This isn't the first social media faux pas from the airline suggesting that its marketing team should also go quiet as the airline privatizes and restructures its business plan.
Malaysia Airlines on Friday said its loss widened last quarter and apologized for a promotional tweet slammed as insensitive after two deadly passenger jet disasters this year.
In its last public financial result before a planned privatization and overhaul, the flag carrier said its net loss in the July-September quarter rose 53 percent from a year earlier to 576.1 million ringgit ($170.3 million).
The airline’s business has suffered after a Malaysia Airlines jet with 239 people on board, mostly from China, went missing March 8 while en route to Beijing. No trace of it has been found. In July, a Malaysia Airlines jet was shot down over Ukraine, killing all 298 people on board.
As the airline’s overhaul gathers pace, it said Friday it will continue to focus on building revenue through aggressive marketing and promotions, and better capacity management.
However, its marketing strategy came under fire after the airline tweeted Thursday, “Want to go somewhere, but don’t know where?” It removed the tweet Friday, saying it was meant to inspire travelers but “unintentionally caused offence to some.”
It was not the first faux pas for the airline since the disasters. In September, it scrapped the title of a competition asking people what activities and destinations are on their “bucket list.” A bucket list is a term used by some English-speakers to describe a list of adventures they want to have before they die.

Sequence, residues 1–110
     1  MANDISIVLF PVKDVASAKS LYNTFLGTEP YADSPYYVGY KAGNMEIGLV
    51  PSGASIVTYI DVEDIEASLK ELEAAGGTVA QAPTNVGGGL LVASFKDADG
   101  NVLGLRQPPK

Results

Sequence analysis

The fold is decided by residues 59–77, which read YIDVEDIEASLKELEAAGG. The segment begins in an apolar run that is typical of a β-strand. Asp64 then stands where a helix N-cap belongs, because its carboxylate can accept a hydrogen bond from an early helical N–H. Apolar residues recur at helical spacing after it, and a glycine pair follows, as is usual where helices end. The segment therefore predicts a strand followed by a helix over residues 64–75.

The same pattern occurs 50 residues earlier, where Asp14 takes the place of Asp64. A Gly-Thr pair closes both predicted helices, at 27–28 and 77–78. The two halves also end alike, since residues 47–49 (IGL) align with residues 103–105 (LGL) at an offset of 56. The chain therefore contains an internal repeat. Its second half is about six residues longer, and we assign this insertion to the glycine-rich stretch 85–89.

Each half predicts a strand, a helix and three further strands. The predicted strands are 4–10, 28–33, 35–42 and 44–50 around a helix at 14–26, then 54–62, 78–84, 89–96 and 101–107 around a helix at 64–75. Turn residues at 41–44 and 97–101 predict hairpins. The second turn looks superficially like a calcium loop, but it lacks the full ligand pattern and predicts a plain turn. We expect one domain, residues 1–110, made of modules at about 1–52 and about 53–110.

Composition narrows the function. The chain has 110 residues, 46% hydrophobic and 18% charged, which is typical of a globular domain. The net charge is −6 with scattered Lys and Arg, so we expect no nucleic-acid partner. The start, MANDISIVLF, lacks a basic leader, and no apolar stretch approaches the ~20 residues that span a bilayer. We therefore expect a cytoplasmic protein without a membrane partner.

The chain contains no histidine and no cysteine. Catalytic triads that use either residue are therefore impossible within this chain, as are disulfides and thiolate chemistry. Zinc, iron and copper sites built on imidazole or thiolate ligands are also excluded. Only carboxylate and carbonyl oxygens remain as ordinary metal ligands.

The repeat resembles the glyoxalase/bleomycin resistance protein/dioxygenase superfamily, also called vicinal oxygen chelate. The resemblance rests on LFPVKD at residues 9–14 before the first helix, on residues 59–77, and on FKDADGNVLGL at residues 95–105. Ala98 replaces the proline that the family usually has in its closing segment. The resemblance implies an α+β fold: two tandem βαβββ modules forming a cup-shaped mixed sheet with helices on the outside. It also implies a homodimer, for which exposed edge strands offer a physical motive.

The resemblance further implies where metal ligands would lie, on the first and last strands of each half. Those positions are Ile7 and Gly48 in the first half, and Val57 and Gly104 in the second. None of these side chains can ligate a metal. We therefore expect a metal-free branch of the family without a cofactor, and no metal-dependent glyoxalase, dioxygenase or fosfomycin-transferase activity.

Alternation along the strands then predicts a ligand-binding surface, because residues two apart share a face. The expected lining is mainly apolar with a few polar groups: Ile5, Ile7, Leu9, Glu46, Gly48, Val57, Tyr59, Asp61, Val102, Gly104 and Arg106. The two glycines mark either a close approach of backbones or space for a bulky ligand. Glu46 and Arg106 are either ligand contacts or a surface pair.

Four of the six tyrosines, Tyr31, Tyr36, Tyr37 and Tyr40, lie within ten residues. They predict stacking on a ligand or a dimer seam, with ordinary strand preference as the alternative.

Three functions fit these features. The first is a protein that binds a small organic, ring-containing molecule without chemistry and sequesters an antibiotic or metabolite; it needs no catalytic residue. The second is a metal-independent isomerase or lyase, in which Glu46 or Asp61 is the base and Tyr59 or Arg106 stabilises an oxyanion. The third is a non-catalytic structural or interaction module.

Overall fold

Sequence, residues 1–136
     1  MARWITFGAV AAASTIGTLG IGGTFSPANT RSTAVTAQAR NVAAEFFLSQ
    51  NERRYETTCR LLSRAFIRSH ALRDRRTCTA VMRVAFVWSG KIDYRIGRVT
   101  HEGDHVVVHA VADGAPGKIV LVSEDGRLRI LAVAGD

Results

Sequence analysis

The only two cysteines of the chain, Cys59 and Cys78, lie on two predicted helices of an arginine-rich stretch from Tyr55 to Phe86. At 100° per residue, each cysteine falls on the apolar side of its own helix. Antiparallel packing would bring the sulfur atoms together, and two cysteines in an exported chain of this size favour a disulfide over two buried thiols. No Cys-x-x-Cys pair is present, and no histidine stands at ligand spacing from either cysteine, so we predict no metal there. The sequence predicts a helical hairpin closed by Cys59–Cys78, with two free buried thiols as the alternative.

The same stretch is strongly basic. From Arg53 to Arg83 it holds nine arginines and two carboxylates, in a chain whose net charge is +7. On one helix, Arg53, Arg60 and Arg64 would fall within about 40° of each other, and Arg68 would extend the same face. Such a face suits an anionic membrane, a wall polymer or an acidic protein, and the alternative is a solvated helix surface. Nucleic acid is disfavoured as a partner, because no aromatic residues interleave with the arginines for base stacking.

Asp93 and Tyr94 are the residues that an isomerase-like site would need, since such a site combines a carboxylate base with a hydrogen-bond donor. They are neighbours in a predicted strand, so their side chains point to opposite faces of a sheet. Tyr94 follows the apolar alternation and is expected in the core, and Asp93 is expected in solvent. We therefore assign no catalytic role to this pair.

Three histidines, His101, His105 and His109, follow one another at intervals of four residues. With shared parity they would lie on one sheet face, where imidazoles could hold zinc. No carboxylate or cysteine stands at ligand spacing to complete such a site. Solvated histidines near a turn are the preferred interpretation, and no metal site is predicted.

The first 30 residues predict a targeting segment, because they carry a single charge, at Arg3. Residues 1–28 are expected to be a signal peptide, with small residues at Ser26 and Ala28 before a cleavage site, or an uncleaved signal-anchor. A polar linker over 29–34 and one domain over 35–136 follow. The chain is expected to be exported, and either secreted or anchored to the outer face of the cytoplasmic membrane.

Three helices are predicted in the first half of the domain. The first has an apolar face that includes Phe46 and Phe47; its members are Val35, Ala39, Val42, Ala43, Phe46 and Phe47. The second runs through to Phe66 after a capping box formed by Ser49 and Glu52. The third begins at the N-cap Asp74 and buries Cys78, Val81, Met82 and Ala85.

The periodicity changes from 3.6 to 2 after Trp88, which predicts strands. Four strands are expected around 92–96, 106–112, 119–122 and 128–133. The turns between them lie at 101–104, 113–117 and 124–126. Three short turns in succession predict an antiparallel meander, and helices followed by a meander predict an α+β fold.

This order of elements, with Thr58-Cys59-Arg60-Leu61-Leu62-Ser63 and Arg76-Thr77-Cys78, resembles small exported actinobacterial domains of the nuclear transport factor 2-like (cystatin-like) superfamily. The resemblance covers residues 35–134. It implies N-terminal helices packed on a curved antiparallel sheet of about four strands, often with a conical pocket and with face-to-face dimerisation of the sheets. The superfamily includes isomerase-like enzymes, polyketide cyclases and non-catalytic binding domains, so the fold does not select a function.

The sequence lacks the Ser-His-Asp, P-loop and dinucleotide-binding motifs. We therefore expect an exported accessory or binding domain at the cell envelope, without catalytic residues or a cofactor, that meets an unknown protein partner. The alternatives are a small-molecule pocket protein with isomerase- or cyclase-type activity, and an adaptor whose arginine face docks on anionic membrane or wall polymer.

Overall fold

The airline said its quarterly revenue fell 12 percent from a year earlier to 3.33 billion ringgit ($976 million) amid poor market sentiment due to the double whammy of the disasters and intensified competition.
Declining fuel prices have helped stem losses but the airline said it continues to struggle as business in some markets, especially China, remains challenging.
The airline will be delisted and taken completely under the wing of the government by the end of the year under a $1.8 billion overhaul by majority shareholder, state investment arm Khazanah Nasional.
Under the revamp, Malaysia Airlines will cut 6,000 workers, which is 30 percent of its current workforce of 20,000.
Khazanah aims to restore Malaysia Airlines to profitability by the end of 2017 and then relist its shares on the stock exchange by the end of 2019.
Copyright (2014) Associated Press. All rights reserved. This material may not be published, broadcast, rewritten, or redistributed.
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Photo Credit: A Malaysia Airlines plane prepares to land at the Kuala Lumpur International Airport (KLIA) in Sepang, Malaysia, Friday, Nov. 28, 2014. Vincent Thian / AP Photo
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